It was this winter’s gift to Toller Cranston. Each winter we come to San Miguel with a gift; always something sweet. Toller loved sweets. Real Canadian maple syrup for Toller’s famous breakfasts seemed like a good idea.
And then the news, leaping out from the message box on my computer. Toller gone.Unthinkable.
No more conversations over breakfast that inevitably spiral into brilliant and uncharted territory. No more hearing about how he’d need a ‘Valium drip’ to get through whatever crisis loomed on his horizon. No more of those treasured moments when we might find him alone in the kitchen on a Sunday morning, lounging in bare feet, reading a book, then getting to spend two uninterrupted hours talking with him: about our lives, our foibles, our fears. No more dinners with cakes and roses and candies strewn across the tabletop, towers of ice cream topped with a single pink rose. No more lying in bed late at night, laughing until the tears came, over one of Toller’s particularly amusing witticisms heard over breakfast that morning. No more breakfasts.
Breakfast at Toller’s was a mostly informal affair but with unspoken parameters: you must have been invited or brought by someone who was invited. If you felt comfortable enough in your friendship with him, dropping in was acceptable; he would always make room. Breakfasts began promptly at 9 am. Toller arrives, often wild-haired from leaving his bed just moments before. He may be wearing lime green cords and an inside-out shirt – the label sticking out from under his chin – or a cashmere jacket he had just bought at the Tuesday market.
There may be twelve people at breakfast; there may be two. Musicians, poets, painters, composers, social workers, writers, or anyone who walked through his gate could be there. Most of us came to know him because we have his paintings hanging on our walls at home. Over Toller’s breakfasts friendships were forged, e-mail addresses exchanged. But regardless of who was there, it was always a gathering of people who felt a deep loyalty and love for the brilliant, witty and wildly extravagant Toller Cranston.
Breakfasts were varied: coffee, waffles or hotcakes, toast, eggs and always fresh fruit: mango, pineapple, banana, strawberries, papaya. Often there were rich cakes and tortes, oddly served up alongside the waffles and bacon. Antonia and Graciela worked for Toller for many years. Sweet and always gracious, they moved through the glass sculptures and the masses of roses and served each person individually, silently appearing at your shoulder to pass platters of food or refill coffee cups.
The conversation flashed through the room like the sunlight that sparkled off the coloured crystals that filled the centre of the table. Toller’s stories were thoughtful, amusing, outrageous; his exaggerations legendary. He once told the story of chasing Nina Simone down a Montreal street when she left his place wearing his coveted fur coat.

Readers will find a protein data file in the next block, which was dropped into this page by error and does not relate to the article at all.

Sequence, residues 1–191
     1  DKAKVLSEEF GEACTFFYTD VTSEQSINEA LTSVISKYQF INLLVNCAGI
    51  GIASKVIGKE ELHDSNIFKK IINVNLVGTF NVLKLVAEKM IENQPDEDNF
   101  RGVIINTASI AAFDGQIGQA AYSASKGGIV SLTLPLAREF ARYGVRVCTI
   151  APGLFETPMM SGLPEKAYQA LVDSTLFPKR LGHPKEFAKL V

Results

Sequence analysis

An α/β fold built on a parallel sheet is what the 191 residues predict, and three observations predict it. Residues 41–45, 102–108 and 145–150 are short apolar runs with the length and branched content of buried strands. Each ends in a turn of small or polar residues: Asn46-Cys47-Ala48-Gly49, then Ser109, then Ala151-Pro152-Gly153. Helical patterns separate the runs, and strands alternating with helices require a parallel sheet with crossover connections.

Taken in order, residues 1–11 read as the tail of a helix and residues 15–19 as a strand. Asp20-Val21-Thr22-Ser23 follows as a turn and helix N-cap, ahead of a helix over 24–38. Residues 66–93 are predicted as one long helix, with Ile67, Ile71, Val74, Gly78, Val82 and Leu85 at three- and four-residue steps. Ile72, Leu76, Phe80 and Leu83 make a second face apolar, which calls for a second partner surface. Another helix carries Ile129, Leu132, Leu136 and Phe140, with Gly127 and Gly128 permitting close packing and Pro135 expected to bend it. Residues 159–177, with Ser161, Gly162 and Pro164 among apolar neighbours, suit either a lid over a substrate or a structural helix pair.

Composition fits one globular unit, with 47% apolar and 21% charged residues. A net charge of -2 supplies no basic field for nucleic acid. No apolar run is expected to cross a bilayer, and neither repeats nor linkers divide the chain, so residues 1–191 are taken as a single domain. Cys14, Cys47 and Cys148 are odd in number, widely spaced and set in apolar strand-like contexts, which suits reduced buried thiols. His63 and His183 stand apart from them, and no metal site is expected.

Conversations pole-vaulted between Toller’s story about Napoleon eating cheese and potatoes on the battlefield (he insisted this story was true) and his angst over a soon-to-be house guest.
We all shared stories but there really was only one voice. There was never another voice as cutting, as brilliant and as clever as Toller’s. He likened his breakfasts to gatherings in Paris in the ‘20s, the ‘illuminated years’ when the artistic minds of the day met, where discussion fueled the day and where no topic under the sun was off-limits. His breakfasts, he said, were what fueled his day before he headed for his studio to paint.
After arriving in San Miguel every winter, talking with him always helped bridge the inevitable abyss that I experienced between North American and Mexican culture. I looked forward to that first hug, that first welcome back. But this time there was no welcome back. We did not continue the conversation we’d been having for the past couple of years: the one about the unwelcome surprises of the aging journey; our talks about the youth of today that he spoke of with both joy and longing, knowing that these young people have their whole creative lives ahead of them. His advice to my daughter was something she has never forgotten: Be creative now. It is the tenet he believed every young person should live by.
Though Toller lived in the Wonderland he created, he was painfully human. Despite his successes, his flamboyant reputation, his look-at-me posturing – the face that he presented to the world – he was so very vulnerable. At close range, that shadow was always there and visible to anyone who was paying attention. He would not want to be remembered in that way but he also would not have denied its truth. “I’ve accumulated quite a few barnacles on the hull of my ship,” he told me once.
There are hundreds of Toller stories. We each had our unique relationship with him. We all somehow found our way into Toller’s world and we all have our stories. I think for those of us who knew him and loved him, (because in knowing him close up you had to love him), it seems impossible that we now must find a way to say goodbye. His death is exactly the kind of event that Toller would insist on being discussed at
length around the breakfast table.
There is also something crazily appropriate about his sudden and unexpected death. Leaving his own party before anyone knew he was gone was what Toller did.
He hated goodbyes.
Edye Hanen has spent winters in San Miguel, Mexico for the last 10 years. She and her partner have been sharing breakfasts with Toller Cranston for the past 8 years. She is an award winning writer who is published in many literary magazines including This Island We Celebrate and is the author of Bowen Island: Reflections